While the scourge of fake news is blamed for people worldwide making unwise choices, when it comes to COVID-19, the stakes for personal health could be truly life threatening.
But according to a recent study, limited exposure to misinformation may not be enough to achieve behavioral change.
Recent years have seen an enormous quantity of misinformation circulating via social media, including a virtual tidal wave “infodemic” of false reports about the coronavirus pandemic.
Public health officials have feared that such fake news could dissuade people from widely accepted health measures such as wearing masks or even push them to refuse to take a vaccine.
Researchers from Ireland wanted to test whether brief one-time exposure to online misinformation is actually as harmful to public health as some might suppose.
They exposed the study’s 3,746 participants to fabricated news stories saying, for example, that certain foods might help protect against COVID-19, or that an vaccine in the pipeline might not be safe.
Over half of the participants were well-educated, with 2,395 participants (64%) having earned at least an undergraduate degree.
“Surprisingly, what we observed is that behavioral effects of one-off fake news exposure might be weaker than previously assumed,” Ciara Greene, a professor of psychology at University College Dublin and one of the study’s co-authors, told Anadolu Agency.
The study also examined whether providing a warning about fake news might reduce susceptibility – a measure media critics might be interested in – but, perhaps surprisingly, found that such warnings had no effects.
It suggested that if fake news does affect public behavior on matters of health, then generic warnings used by governments and social media organizations might be effective in combating this, or perhaps not.
According to Greene, most of the research on fake news tends to just focus on targeted fact-checking, which aims to debunk the contents of specific stories.
Critics talk a great deal about how top platforms like Facebook and Twitter can protect people from misinformation and what governments can do about it, she noted.
“Yet they cannot warn all of us since there has been lots of misinformation out there,” she added.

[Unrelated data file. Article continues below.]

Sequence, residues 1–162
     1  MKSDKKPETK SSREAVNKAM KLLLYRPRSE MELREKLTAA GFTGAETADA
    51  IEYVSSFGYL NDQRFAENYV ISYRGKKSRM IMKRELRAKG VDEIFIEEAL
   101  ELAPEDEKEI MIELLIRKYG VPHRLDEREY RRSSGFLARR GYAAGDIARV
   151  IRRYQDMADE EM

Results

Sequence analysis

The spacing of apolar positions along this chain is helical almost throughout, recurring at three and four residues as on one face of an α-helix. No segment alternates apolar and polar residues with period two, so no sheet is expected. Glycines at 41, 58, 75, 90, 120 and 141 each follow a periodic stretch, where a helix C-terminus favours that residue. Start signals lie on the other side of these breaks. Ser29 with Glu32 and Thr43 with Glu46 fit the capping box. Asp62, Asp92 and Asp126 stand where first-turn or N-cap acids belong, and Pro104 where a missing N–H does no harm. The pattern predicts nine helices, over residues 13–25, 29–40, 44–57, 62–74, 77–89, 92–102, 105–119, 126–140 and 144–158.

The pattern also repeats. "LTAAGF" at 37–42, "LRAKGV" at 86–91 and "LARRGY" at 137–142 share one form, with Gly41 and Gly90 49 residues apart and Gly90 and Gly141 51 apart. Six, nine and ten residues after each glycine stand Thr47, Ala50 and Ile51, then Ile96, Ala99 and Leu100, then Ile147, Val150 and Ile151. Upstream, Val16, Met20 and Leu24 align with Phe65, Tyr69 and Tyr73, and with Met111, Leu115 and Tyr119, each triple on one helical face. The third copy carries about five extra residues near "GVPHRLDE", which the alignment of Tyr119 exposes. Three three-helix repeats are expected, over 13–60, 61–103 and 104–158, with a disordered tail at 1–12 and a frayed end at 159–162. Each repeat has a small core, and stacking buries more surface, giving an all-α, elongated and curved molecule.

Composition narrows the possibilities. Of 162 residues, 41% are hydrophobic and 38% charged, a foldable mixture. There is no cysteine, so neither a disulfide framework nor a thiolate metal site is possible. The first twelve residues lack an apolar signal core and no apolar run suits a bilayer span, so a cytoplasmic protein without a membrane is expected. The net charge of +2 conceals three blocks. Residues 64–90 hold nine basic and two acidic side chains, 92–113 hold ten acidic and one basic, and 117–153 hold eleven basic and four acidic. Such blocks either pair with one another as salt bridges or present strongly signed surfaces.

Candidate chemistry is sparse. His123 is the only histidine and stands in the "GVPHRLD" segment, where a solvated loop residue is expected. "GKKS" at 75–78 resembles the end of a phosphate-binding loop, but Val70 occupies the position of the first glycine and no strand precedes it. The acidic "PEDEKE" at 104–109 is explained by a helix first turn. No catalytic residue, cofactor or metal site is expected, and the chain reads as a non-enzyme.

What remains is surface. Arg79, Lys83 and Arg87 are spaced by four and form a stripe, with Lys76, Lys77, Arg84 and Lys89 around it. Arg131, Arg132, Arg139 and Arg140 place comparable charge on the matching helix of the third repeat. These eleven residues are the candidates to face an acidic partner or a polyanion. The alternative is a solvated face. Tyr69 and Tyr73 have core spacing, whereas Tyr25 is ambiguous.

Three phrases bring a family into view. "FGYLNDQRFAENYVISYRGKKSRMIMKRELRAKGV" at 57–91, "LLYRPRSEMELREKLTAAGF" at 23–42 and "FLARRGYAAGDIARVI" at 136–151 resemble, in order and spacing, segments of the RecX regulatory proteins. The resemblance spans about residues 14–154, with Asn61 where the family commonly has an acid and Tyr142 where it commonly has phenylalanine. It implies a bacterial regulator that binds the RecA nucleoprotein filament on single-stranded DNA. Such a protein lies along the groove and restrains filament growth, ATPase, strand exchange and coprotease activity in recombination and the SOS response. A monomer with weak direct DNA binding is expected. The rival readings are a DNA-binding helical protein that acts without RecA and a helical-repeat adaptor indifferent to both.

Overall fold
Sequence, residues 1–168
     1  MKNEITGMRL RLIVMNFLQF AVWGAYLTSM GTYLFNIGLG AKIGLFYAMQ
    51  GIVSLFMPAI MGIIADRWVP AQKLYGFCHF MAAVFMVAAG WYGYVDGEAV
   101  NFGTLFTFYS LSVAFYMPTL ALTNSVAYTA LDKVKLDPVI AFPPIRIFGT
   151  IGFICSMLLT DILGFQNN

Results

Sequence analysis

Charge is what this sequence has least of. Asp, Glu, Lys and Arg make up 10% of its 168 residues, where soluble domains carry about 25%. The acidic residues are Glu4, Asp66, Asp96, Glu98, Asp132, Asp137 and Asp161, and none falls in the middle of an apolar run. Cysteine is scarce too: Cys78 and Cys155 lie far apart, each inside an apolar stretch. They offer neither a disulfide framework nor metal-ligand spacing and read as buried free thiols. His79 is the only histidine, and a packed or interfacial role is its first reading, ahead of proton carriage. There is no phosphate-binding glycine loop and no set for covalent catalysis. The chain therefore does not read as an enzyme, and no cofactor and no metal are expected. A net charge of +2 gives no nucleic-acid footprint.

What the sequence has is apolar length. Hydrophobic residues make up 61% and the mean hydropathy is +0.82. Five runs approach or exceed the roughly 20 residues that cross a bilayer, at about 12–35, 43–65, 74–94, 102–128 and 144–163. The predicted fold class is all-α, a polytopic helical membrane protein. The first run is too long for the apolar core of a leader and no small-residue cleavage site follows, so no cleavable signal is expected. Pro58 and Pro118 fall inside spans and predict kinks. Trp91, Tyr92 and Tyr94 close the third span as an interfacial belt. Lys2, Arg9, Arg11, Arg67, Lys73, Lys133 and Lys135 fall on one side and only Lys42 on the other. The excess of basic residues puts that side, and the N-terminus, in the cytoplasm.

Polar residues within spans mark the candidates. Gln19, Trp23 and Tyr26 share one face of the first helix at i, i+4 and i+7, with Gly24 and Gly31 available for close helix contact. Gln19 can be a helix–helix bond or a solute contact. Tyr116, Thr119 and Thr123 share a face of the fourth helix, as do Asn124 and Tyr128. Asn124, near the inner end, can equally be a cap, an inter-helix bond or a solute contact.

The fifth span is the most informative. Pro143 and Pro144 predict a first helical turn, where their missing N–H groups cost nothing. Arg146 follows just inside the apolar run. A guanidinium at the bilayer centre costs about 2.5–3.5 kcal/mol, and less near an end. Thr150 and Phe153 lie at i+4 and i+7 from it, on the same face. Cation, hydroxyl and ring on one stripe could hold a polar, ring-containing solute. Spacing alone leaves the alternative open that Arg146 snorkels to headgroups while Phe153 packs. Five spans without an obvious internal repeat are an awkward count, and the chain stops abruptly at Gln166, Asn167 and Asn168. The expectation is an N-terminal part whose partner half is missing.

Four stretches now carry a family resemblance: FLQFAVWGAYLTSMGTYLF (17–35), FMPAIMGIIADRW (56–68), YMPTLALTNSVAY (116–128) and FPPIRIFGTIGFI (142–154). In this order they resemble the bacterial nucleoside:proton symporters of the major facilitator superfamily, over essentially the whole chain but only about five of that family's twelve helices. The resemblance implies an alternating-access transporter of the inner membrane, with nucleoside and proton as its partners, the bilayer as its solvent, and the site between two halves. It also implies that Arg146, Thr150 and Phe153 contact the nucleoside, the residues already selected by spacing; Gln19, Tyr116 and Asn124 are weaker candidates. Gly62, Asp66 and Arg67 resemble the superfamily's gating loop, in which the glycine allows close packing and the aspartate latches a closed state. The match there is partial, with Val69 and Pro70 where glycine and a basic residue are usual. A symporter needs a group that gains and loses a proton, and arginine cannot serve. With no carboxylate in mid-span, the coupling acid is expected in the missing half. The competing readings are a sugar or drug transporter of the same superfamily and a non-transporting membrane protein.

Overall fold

“By the time someone’s already been exposed to something, it’s kind of too late to come around and say, oh not that’s not right,” she explained.
Or, to quote the well-known saying: “A lie gets halfway around the world before the truth has a chance to get its pants on.”
This is the reason why, Greene suggested, governments should warn people in advance, giving them a kind of toolkit to help ensure that they are not influenced by fake news in the first place.
There are already some measures in place trying to make people think more critically about fake news, she said, but the people who sign up for such measures are unlikely to be the sort to be fooled by fake news, but rather people who think more critically anyway.
Such measures are “maybe not getting to who needs it,” she said.
The researchers also looked at the effectiveness of measures to fight fake news.
For example, generic warnings that governments tend to use, such as public service announcements on the radio or posters saying: “Hey look out for fake news, be media smart.”
She said they employ different warnings – ones framed positively, such as, “Be a good citizen,” or ones framed negatively, such as, “This is dangerous, don’t do it” – and in some cases people get no warnings at all.
“We were very surprised because we expected the warnings to have a considerable effect on people’s response to misinformation, and we found absolutely nothing, regardless of its framing,” she said.
This finding, she stressed, runs contrary to research suggesting that general warnings about misinformation may be the best way of encouraging critical engagement with suspicious online material.
She said governments possibly cannot target every piece of misinformation out there, as this would be a losing battle.
It is actually very difficult for governments to change or direct citizens’ behavior for the public good, she added.
“Think about the amount of money that is put into elections to try and make people change their behavior, even whether it’s to vote for a particular candidate, or even just register to vote,” she explained.
“So they need to train people to be more critical consumers of news,” she said.
Such training should be included in schools, she suggested, with children taught about media literacy.
Given the results of the study, the researchers argued that real-world behavioral effects might result from multiple exposures to a story. Multiple sources might increase consumers’ faith in a story, and thus influence their subsequent behavior.
Indeed, demagogues have long employed the technique of repeating a falsehood again and again to break down resistance and finally win over listeners.
What are the factors that will actually lead to someone changing their behavior as a result of exposure to fake news?
The new research provides one important piece of the puzzle, but in order to answer the question more fully, more research on the issue needs to be done for the good of both governments and the public.
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